LUMPS AND BUMPS: Causes, Symptoms and Treatments

Understanding the condition and ultimately finding out 'How to get rid of Lumps and Bumps'.



LUMPS & BUMPS: Causes, Symptoms and Treatments

From moles to warts, acne to milia, skin tags to cysts; lumps and bumps on the skin can appear in all sorts of shapes, sizes, colours and numbers. Discovering a new lump or bump can be quite a worrying experience, especially if you don’t know what it is.

For that reason, it is essential any lump or bump is correctly diagnosed by a medical professional, so that the correct treatment is recommended, a biopsy is organised following removal (if required) and so that the condition isn't aggravated.


Lumps and bumps on the surface of the skin can appear for a number of reasons. It may be a buildup of dead skin cells or keratin which forms a spot, cyst or milium, or it could be an overproduction of cells forming a mole, skin tag or keloid scar.


As there are many reasons why lumps and bumps may occur, there are various symptoms associated with this skin concern.

Warts and Verrucae

Warts are benign (non-cancerous) lumpy skin growths, most commonly found on the hands and feet. They are caused by viruses and are highly contagious. 

Veruccae only tend to appear on the feet. They are flat and thick in appearance, hard around the edge and have a small black dot in the centre. Often, they feel sore when touched or stood upon. Like warts, they are highly contagious, but benign.


Moles are small patches or marks which are usually brown or black in colour and form on the skin. They are caused by skin cells that form in clusters called 'melanocytes', which produce the colour in your skin. They vary in shape and size, can be flat or raised, and some even have hair growing from them. Changes in the texture, size and colour of a mole could indicate skin cancer, so consult your GP if you are concerned.


Milia are small white or yellowish raised bumps or spots on the skin, normally found around the eye area and cheeks, but can appear anywhere on the face or body. Unlike a pimple or spot, milia feel quite hard, almost like a small piece of grit under the skin. Milia are not contagious or harmful.

Skin tags

Skin tags are small brown or flesh-coloured growths that hang from the surface of the skin. Although skin tags are common, they are not contagious and are completely harmless. They do not usually cause any pain or discomfort, however depending on where they are on the body, they can snag on clothing or jewellery and may bleed as a result.


There are different types of acne, but the most common include spots such as whiteheads and blackheads, or more severe spots like cysts and nodules. Acne is not dangerous, but it may leave scars and can be painful and distressing.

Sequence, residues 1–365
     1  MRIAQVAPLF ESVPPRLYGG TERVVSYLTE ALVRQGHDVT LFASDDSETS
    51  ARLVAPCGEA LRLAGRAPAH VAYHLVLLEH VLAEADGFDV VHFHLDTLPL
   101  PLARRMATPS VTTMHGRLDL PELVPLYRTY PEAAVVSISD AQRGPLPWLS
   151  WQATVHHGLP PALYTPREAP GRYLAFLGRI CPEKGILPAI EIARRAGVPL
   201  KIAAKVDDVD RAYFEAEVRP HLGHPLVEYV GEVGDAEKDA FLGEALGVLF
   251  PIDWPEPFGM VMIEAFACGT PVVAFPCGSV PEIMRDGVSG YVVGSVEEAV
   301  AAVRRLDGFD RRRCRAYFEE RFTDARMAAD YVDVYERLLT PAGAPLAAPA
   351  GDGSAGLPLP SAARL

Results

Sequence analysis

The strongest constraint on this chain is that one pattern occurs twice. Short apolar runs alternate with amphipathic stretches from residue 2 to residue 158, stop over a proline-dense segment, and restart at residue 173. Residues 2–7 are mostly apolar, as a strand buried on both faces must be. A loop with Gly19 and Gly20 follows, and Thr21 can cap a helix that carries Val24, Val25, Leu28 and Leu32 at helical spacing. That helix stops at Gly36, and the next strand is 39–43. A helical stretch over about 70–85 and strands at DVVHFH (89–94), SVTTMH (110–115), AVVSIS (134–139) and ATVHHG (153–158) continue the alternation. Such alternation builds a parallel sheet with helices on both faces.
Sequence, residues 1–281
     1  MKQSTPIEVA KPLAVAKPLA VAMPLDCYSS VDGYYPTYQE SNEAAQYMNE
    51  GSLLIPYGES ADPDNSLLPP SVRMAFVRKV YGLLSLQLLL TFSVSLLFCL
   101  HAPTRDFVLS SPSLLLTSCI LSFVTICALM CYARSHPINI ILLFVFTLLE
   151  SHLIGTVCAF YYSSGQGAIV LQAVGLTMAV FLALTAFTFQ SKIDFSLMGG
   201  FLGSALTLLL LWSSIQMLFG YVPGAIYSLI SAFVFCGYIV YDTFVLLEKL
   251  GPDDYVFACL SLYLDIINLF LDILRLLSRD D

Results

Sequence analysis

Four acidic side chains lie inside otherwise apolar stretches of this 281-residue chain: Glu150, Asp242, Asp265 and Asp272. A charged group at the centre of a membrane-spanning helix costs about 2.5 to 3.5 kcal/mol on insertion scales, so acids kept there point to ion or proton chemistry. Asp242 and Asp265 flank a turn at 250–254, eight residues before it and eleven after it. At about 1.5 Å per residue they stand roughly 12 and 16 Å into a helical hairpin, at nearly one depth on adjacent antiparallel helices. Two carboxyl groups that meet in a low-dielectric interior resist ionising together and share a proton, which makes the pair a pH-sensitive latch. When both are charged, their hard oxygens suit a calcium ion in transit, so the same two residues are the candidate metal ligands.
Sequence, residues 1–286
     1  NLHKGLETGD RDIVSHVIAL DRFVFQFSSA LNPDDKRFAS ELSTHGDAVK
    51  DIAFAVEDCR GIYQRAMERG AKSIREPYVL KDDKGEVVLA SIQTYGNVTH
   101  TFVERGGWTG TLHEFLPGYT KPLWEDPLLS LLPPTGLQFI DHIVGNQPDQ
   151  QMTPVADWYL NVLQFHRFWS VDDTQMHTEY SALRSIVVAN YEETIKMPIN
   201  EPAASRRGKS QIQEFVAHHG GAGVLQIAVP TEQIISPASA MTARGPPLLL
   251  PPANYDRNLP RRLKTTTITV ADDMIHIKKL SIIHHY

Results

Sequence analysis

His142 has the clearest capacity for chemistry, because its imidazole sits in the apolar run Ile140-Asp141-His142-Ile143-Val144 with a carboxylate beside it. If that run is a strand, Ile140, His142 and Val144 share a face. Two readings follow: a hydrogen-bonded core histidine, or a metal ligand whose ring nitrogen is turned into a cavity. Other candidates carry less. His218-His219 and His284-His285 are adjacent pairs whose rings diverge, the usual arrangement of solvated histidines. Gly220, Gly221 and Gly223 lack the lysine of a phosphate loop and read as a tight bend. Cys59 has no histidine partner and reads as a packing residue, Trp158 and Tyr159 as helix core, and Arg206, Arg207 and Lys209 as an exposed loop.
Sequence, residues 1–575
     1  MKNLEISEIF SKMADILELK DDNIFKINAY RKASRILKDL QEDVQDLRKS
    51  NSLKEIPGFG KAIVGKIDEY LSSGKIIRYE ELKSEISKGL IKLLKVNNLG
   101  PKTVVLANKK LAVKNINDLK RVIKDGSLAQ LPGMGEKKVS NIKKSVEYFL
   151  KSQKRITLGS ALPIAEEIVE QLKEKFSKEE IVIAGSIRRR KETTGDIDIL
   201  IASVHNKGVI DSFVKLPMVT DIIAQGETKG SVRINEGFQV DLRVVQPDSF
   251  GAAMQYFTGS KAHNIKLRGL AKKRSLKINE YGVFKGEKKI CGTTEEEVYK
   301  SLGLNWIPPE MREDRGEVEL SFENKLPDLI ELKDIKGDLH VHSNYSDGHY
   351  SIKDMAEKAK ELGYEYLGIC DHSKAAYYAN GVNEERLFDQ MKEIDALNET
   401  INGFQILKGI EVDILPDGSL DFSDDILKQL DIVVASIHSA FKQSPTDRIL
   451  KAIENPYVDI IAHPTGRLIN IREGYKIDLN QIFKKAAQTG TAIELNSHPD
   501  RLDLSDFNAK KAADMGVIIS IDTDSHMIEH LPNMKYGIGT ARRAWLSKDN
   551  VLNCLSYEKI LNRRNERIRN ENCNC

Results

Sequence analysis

Can lumps, bumps and growths be prevented?

Prevention of skin growths isn't always possible and depends upon the type of lump or bump. Once your practitioner has diagnosed the type of skin growth you have, they will also be able to advise whether there is anything to help prevent the condition recurring.

What are these bumps on my arms?

The little bumps in the skin on the back of your arms could be caused by a common condition called keratosis pilaris (often referred to as ‘chicken skin.’) It may also affect the skin on your thighs, face and buttocks, and is caused by a buildup of keratin in the hair follicles. It is not a serious or harmful condition and it isn’t contagious.

What causes itchy bumps on the skin?

Itchy lumps and bumps on the skin are usually caused by dermatitis such as eczema or psoriasis. They may also be an allergic reaction to washing powder, cosmetics, skin products, perfumes, pets or plants.


Improving the overall texture and condition of your skin can help alleviate lumps and bumps. Regular exfoliation and use of natural, gentle moisturisers such as coconut oil and aloe vera can help to soften the skin and avoid buildup of dead skin cells.


Surgical Excision

Typically used to remove moles and even warts or skin tags, this method involves using a sharp scalpel to cut out the skin growth.


This method involves liquid nitrogen being used to essentially freeze off the skin growth. 

Laser Removal

A high-precision laser beam is used to target the cells of the skin growth, breaking them down using thermal energy.


A hyfrecator is a very precise instrument which delivers low energy electrical pulses to cauterise tissue. 
Medication: Physical removal of some lumps and bumps is not always suitable. In these instances, a dermatologist may be able to prescribe medication to effectively treat the condition.




One of our friendly sk:n advisers will call you back straight away to arrange your consultation.

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